If you are a frequent visitor at Disney, you have probably considered joining the Disney Vacation Club (shortened to be called the “DVC”).
If you don’t even know what that is, don’t worry we have all the details here.
Before you sign the forms to join “the club”, here is everything you need to know about the Disney Vacation Club to find out if it’s a good fit for you and your family.
If you already know the basics of the Disney Vacation Club, skip down to the next section. For those of you who don’t know anything about the Disney Vacation Club, we are going to tell you all about it here. First and foremost, you need to be aware that the Disney Vacation Club is a timeshare program.
Timeshares are an arrangement where owners/members have the right to choose a property to stay at for usually one to two weeks out of the year. To become an owner/member, you must purchase real estate interest in a specific Disney Vacation Club Resort (listed below). This resort will be like your timeshare “home.”
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The amount of real estate interest you are buying is shown as an annual allotment of Vacation Points. These points can be used to reserve accommodations at one of the resorts available to Disney Vacation Club members.
It’s important to remember that timeshares mean you are actually purchasing “real estate” and you get some annual tax benefits.
Since I like to think about the bottom-line, I consider this truly a prepaid vacation plan.
Where Can You Stay?
Since your Disney Vacation Club membership operates on a points system, this means that members can use these points to stay at any of the Disney Vacation Club resorts.
The points that it will cost you to stay at each resort vary based on the time you travel and resort you choose.
There are ten Disney Vacation Club resorts at Walt Disney World:
- Animal Kingdom Villas
- Bay Lake Tower at Disney’s Contemporary Resort
- Beach Club Villas
- Boardwalk Villas
- Boulder Ridge Villas at Wilderness Lodge
- Copper Creek Villas and Cabins at Wilderness Lodge
- Villas at Grand Floridian
- Old Key West
- Polynesian Villas and Bungalows
- Saratoga Springs
- Disney Cruise Lines
There is one Disney vacation resort at Disneyland in California (the Villas at Grand Californian) and three beach location resorts including Oahu, Hawaii; Hilton Head, South Carolina; and Vero Beach, Florida.
While you can use your points for regular rooms and/or the Disney Cruise Line, they won’t give you much bang for your buck. For example, you might be able to get 21 overnight stays in your “home” resort or one 7-night stay on the cruise using all of your points.
Is It Worth It?
Before you go ahead and purchase a Disney Vacation Club membership, you need to consider all aspects of buying.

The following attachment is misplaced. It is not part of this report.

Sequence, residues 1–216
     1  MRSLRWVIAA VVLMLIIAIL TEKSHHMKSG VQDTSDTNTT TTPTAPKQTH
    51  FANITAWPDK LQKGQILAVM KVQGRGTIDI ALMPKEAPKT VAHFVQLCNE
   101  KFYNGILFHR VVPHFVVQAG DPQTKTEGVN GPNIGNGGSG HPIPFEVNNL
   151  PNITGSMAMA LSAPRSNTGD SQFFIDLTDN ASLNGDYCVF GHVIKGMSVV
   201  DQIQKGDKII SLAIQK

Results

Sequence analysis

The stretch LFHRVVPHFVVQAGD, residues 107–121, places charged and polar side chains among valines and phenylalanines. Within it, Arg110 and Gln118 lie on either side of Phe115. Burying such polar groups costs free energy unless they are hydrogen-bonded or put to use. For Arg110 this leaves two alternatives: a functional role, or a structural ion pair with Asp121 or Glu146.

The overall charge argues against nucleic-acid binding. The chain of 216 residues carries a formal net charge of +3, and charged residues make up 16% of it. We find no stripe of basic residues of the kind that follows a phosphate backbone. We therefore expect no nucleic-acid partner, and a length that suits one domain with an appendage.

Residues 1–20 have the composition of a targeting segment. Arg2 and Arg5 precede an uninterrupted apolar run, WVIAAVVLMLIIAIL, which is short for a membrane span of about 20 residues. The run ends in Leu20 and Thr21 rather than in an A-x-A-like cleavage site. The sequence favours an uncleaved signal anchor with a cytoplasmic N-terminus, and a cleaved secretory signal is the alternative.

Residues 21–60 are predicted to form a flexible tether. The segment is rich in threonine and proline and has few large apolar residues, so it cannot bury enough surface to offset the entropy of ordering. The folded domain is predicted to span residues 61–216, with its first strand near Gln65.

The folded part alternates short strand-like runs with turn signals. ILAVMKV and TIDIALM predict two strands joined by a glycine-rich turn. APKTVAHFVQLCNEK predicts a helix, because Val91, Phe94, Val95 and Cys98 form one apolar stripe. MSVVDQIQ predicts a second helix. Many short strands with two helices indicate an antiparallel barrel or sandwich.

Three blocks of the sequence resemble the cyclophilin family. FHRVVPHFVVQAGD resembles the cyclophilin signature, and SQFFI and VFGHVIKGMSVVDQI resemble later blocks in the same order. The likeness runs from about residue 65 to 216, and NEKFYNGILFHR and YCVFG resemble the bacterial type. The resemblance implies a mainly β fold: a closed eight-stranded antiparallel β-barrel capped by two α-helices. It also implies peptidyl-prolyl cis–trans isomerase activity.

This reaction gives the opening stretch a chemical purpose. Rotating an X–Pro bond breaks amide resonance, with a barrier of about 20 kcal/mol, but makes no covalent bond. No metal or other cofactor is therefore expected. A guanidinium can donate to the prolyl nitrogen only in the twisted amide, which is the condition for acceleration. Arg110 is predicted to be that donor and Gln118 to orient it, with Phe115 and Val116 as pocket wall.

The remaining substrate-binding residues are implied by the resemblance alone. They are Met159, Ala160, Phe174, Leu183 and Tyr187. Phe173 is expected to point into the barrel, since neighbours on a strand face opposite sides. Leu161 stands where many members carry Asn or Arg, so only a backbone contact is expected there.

There is an initial cost to join which is very expensive (I’ve never seen any deals for less than $7,000), and then you pay annual dues to continue as a member. These rates go up slightly (around 2%) every year, so you need to be aware that the rate will not be the same year after year.
Factors you should consider in making your decision include your vacation habits and how often you want to visit the parks, and whether you can afford the cost of being a member.
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As a Disney Vacation Club member, you are essentially paying for hotel accommodations. Where you stay is just a small part of the larger vacation picture. Meals for a ten-day vacation could cost you over $1,000 if you are leaning on the more frugal side, and this doesn’t even take into account your travel costs or your park tickets.
If you vacation every year to one of the Disney Vacation Club resorts listed above, then you should seriously consider becoming a member. Your vacations would pay for themselves after 5 years.
Who Is A Good Fit For The DVC?
If you stay at Disney a handful of times, and you typically stay in the cheapest accommodations, then you will not find good value in a Disney Vacation Club membership; however, there are a few reasons it might still make sense for you:
- You vacation to Disney World, Disneyland, or one of the beach resorts at least once every two years.
- You prefer Deluxe accommodations when staying at Disney and you stay a least ten days or more during the year when you visit.
- You plan out your family vacations at least 6-months in advance.
- You have the cash on hand to pay for the initial membership fee (approximately $7,000) without using credit cards.
- You can budget to pay for the annual maintenance fees to continue membership after the first year.
There is nothing quite as magical as a Disney World Vacation.
And becoming a DVC Member could save you money if you vacation there often.
I hope the information here has helped with your decision of whether or not it is a good idea to join the program.